In 2003 the MGH Institute became the first school in the country to initiate Kenneth B. Schwartz Center Educational Rounds, a multidisciplinary forum where the next generation of caregivers discuss difficult emotional and social issues that arise in caring for patients.
The Kenneth B. Schwartz Center promotes pioneering programs to educate, train and support caregivers in the art of compassionate care. The Center was created in 1995 by health care attorney Kenneth Schwartz shortly before he died of lung cancer at the age of 40.
The educational "Rounds" format provides students, faculty, alumni, and staff with an opportunity to engage in interprofessional dialogue on important issues that advance a compassionate approach to patient care. Participants are invited to engage in self-reflections and reflective dialogue with their peers.
Past Schwartz Rounds
September 27, 2021: Balint Groups: A PA Program Approach to Maintaining Empathy During Clinical Rotations
The first Schwartz Rounds of the 2021-2022 academic year was held Noon–12:50 p.m. in Shouse 305, and featured guest panelists Mike Boutin, EdD, assistant dean for faculty and student success in SHRS; Maraline Ferris, PA-C, MPAS ’21; Joshua Schupp-Starr, PA-C, MPAS ’21; Lisa Walker, PA-C, MPAS, program chair, Physician Assistant Studies; and Lisa Waller, PA-C, MMSc, director of clinical education, Physician Assistant Studies.
What is a Balint group?
Balint groups were originally developed to provide regular, facilitated meetings among health care providers or students to process difficult or unresolved feelings in the therapeutic physician-client relationship. Panelists provided an opportunity to observe a brief Balint group, then hear from participants and facilitators about their value and challenges, with an opportunity for questions and discussion about its potential use by other professions and interprofessional teams.
April 6, 2021: The COVID-19 Vaccine: Varying Perspectives Across Health Care Professionals
- Anh Lewin, DNP ‘21, MSN-FNP’12
- Shelby Freed, MSN ‘11, DNP-candidate
- Kristin Vander Els, ABSN student c/o 2021
February 23, 2021: What’s Changed? Adjustments to Compassionate Care Across the Health Care & Health Professions Education during a Pandemic
Panelists Suzanne Pennington, MS, CCC-SLP, and CSD alum Kate Boi, MS, CCC-SLP, reflected on how the COVID-19 pandemic has impacted compassionate long-term care practices.
November 16, 2020: Telepractice: Challenges and Strategies for Compassionate Caregiving Through the Screen
September 30, 2020: Curating Compassionate Care during a Pandemic: Addressing Spirituality with Patients
No recording available
April 15, 2020: Greeting Gratitude and Cultivating Compassion
No recording available
February 24, 2020: Providing Trauma Informed Care
November 11, 2019: Respectful Interactions in Practice - Managing the Tension Between Authenticity and Boundaries
September 23, 2019: Navigating Vicarious Trauma in Our Professional and Personal Lives
April 2, 2019: Resilience
February 25, 2019: Health Professionals with Disabilities: A Lived Experience
November 5, 2018: Disclosing Medical Error
September 24, 2018: Caring for Refugees
Rawan AlHeresh, PhD facilitated.
April 2, 2018: Advocating for Social Justice
Professor Diane Smith, PhD, OTR/L facilitated a discussion with student speakers Emily Thatcher, MPAS ’18, and Stephanie Campbell, OTD ’18.
February 26, 2018: Caring Beyond The Box: Health for People who Identify as Transgender and Gender-Nonconforming
Lisa Keegan, NP ‘16, spoke at the Kenneth B. Schwartz Center Educational Rounds.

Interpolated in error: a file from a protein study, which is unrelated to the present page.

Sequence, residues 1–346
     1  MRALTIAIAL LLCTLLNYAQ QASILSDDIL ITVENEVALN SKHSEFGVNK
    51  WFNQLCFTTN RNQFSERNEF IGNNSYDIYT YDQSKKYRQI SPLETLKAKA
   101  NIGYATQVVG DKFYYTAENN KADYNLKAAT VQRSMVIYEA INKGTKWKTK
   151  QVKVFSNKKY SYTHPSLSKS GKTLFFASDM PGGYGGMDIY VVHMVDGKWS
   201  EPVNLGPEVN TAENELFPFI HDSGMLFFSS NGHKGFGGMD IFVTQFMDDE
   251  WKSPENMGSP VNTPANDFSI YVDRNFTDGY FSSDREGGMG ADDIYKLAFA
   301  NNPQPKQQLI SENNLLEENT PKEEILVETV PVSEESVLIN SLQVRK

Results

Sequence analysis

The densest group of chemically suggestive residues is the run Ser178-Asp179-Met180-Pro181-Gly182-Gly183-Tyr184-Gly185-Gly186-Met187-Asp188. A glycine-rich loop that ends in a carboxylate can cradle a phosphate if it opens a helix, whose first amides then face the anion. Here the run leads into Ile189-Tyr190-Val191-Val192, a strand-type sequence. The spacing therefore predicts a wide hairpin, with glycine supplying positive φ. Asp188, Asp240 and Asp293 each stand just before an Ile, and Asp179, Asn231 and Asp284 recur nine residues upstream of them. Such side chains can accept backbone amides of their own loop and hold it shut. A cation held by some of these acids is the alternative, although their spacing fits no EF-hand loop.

November 6, 2017: When the Patient is Prejudiced
Facilitated by Brian French, Director of the Blum Patient Family Learning Center. Speakers: Manny Acheampong, PT student, and Jennifer Mackey, MA, CCC-SLP, Assistant Director of External Clinical Education.
September 25, 2017: Social Determinants of Native Health
Facilitated by Matt Tobey MD, MPH, Associate Director, Fellowship Program in Rural Health Leadership Faculty Director, Crimson Care Collaborative at Nashua Street Jail Division of General Internal Medicine, Massachusetts General Hospital. Student speakers were: Sylvia Brandenberg, PA, Marguerite Conners, OT, Daniel McGuire, PA, Julia Scott, Nursing.
April 10, 2017: Navigating Hierarchy Among Health Professionals
Reem Mohamad, MS-SLP '17, and Melania Booth, MPAS '18, spoke, facilitated by Jenny Rudolph, PhD, Executive Director of Center for Medical Simulation, Assistant Professor of Anesthesia at Harvard Medical School.
February 27, 2017: Providing Care to Transgender Patients
Antonia Makosky, Assistant Professor in the School of Nursing, facilitated the discussion.
November 28, 2016: Reconciling Western and Non-Western Medicine
Presenters included Mind Body Spirit Certificate alumnae Mandi Coakley ’16 and Jane Flanagan ’16, Laura Vinci de Vanegas, DPT ’06, and student Rebecca Outland, OTD ’18. Facilitating was OT Professor Susan Fasoli.
September 26, 2016: Overcoming Linguistic Barriers to Care
CJ Kiskanyan, DPT '16, Maria Margardia Fonseca de Almeida Guerra, DPT '19, and Yung-En Perng, DPT '19, spoke, and Instructor Patricia Kelley-Nazzaro, MS, CCC-SLP, facilitated.
April 4, 2016: Caring For Patients with a Substance Abuse Disorder
Students Natalie Albrittain-Ross, MS-SLP ‘16, Hannah Kobett, MPAS ‘17, and Diana Remlinger, MSN ’16, reflected on managing bias in caring for a patient with substance abuse disorder. Sarah Coughlin, LICSW, of the Charlestown Substance Abuse Coalition moderated.
February 29, 2016: Caring for Patients who are Obese
Sarah Nowak, MPAS ’17, Rebecca Pham, DPT ‘16, and alumna Kenya Palmer, MSN ’13, presented, and Assistant Professor Sara Knox, PT, DPT, GCS, CEEAA, facilitated.
November 9, 2015: Caring for a Patient who is Homeless
Katie Atmatzidis (OT), Ellie Wheeler (OT), and Cody Desouza (Nursing) presented, and Assistant Professor of Nursing Eileen Searle facilitated.
September 28, 2015: Caring for Patients with Mental Illness
Students Howard Yan and Beth "B" McKee presented, and Nursing faculty Susan Stevens presented.
April 1, 2015: End of Life Care for Patients with Dementia
Presented by third-year Master of Science in Nursing students Emily Palmer and Jonathan DeWeese. Facilitated by Associate Professor Ruth Palan Lopez, PhD, GNP-BC.
February 11, 2015: Using Technology and Music to Assist Patients and Clients with Dementia
Presented by Doctor of Occupational Therapy students Cora Finley and Nicolette Blanc, along with Master of Science in Speech-Language Pathology student Natsumi Asanuma. Facilitated by Jacques Mohr Professor of Geriatric Nursing Research Diane Mahoney, PhD, APRN, BC, FGSA, FAAN.